Human strand-specific mismatch repair occurs by a bidirectional mechanism similar to that of the bacterial reaction.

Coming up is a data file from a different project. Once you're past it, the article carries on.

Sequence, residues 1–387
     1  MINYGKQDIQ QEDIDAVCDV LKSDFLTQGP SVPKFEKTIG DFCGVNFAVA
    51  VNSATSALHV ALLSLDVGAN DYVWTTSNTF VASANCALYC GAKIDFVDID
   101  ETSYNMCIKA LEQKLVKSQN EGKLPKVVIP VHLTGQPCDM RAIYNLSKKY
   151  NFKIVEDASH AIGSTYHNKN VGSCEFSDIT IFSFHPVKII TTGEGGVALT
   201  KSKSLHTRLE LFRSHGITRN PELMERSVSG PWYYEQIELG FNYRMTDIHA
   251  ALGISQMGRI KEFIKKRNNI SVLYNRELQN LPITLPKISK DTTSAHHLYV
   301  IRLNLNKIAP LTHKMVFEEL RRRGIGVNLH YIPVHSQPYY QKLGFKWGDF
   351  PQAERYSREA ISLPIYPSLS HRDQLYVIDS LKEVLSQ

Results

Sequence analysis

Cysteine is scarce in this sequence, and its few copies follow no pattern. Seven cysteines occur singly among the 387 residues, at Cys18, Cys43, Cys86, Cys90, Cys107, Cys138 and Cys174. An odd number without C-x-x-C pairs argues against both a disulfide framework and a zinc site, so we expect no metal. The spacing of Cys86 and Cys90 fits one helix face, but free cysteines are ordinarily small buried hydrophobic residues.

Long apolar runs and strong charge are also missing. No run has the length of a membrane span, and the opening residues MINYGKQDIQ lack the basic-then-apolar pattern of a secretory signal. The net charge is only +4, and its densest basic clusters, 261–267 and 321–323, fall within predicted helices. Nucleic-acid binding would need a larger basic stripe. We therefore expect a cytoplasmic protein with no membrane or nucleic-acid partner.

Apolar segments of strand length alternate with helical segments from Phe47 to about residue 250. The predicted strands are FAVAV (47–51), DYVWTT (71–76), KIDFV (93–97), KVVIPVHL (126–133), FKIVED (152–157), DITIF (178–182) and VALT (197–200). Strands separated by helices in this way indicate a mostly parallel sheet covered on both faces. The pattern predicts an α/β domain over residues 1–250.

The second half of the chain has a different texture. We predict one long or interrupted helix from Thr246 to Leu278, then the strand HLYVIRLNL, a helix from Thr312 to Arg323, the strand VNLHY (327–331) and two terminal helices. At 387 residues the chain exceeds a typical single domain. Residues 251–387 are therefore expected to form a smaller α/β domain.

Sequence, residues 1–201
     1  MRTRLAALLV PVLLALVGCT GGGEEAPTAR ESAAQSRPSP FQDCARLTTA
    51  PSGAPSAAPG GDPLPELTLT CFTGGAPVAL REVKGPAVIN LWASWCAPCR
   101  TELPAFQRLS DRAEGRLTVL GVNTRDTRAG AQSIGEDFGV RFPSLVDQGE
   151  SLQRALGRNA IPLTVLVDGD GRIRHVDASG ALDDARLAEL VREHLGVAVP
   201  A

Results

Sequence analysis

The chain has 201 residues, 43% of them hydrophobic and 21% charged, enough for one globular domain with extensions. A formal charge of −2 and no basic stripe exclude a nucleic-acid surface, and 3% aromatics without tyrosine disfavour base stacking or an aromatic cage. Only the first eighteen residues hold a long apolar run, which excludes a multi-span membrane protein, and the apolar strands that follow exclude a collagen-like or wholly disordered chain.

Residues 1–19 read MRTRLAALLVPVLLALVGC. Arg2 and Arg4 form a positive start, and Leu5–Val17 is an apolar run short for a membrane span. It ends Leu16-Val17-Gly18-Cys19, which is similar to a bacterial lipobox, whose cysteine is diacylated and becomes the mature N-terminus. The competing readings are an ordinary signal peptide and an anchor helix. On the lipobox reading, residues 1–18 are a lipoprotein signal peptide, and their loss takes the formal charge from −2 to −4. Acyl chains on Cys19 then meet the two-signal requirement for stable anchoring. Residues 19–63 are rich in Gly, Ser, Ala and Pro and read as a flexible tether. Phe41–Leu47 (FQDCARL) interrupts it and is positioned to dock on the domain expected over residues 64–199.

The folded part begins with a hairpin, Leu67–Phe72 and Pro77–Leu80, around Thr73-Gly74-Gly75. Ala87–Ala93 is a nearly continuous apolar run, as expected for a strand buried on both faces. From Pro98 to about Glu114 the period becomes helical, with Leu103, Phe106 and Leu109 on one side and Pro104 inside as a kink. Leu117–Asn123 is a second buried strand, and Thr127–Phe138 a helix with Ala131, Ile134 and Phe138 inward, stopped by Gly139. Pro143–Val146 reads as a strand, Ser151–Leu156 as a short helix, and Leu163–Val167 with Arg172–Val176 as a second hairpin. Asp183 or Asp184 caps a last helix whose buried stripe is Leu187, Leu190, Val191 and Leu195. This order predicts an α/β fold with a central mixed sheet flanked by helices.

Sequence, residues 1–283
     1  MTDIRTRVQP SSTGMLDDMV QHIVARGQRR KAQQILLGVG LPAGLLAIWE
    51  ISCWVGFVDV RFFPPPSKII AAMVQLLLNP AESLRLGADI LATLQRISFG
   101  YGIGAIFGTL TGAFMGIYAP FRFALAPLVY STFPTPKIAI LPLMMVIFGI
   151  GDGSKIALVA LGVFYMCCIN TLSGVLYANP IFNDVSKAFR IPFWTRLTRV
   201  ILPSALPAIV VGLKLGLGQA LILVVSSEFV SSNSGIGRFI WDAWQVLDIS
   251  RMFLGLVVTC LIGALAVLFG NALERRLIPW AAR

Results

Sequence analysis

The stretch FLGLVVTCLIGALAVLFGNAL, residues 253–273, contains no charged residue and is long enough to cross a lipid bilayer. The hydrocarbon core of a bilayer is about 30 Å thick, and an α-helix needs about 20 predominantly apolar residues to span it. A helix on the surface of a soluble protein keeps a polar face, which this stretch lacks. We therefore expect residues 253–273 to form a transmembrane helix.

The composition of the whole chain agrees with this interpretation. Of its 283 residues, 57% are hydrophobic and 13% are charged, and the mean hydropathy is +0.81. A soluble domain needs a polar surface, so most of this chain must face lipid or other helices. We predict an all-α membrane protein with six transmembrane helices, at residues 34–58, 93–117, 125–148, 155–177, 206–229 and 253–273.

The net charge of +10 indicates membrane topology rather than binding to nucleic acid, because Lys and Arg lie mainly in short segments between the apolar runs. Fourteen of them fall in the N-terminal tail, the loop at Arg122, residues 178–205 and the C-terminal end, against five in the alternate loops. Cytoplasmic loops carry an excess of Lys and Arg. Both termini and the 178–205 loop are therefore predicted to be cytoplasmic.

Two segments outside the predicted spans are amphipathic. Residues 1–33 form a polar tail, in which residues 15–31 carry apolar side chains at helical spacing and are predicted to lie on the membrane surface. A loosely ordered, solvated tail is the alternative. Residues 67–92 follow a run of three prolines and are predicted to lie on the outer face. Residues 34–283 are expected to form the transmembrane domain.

Nuclear extracts prepared from a HeLa cell line have been previously shown to support strand-specific repair of heteroduplex DNAs containing a site-specific, strand-specific incision (Holmes, J.J., Clark, S., and Modrich, P. (1990) Proc. Natl. Acad. Sci. U.S.A. 87, 5837-5841; Thomas, D.C., Roberts, J.D., and Kunkel, T.A. (1991) J. Biol. Chem. 266, 3744-3751). Further analysis of the substrate specificity of the reaction has shown that in addition to G-T, A-C, G-G, and C-C, nuclear extracts also recognize and correct in a strand-specific manner A-A, A-G, T-T, and C-T mismatches, with repair in each case being inhibited by aphidicolin. The rate of repair of a circular G-T heteroduplex was found to decrease monotonically with increasing separation between the mismatch and the strand break that targets repair, as viewed along the shorter path joining the two sites in the circular substrate. This decrease is independent of the polarity of the incised strand, suggesting that the human pathway of mismatch correction may possess a bidirectional excision capability similar to that of the Escherichia coli methyl-directed system. This possibility was confirmed by analysis of excision tracts associated with the reaction. Inhibition of DNA synthesis by aphidicolin or by omission of exogenous dNTPs leads to the mismatch-provoked formation of a single-strand gap that spans the shorter path between the strand break and the mismatch, irrespective of the polarity of the incised strand. Formation of these gaps, which extend from the site of the strand break to terminate at a number of discrete sites in the region 90 to 170 nucleotides beyond the mismatch, is therefore independent of the relative orientation of the two sites. Based on similar mismatch specificities and common features of mechanism, we have concluded that the human strand-specific mismatch repair system is functionally homologous to the bacterial methyl-directed pathway.
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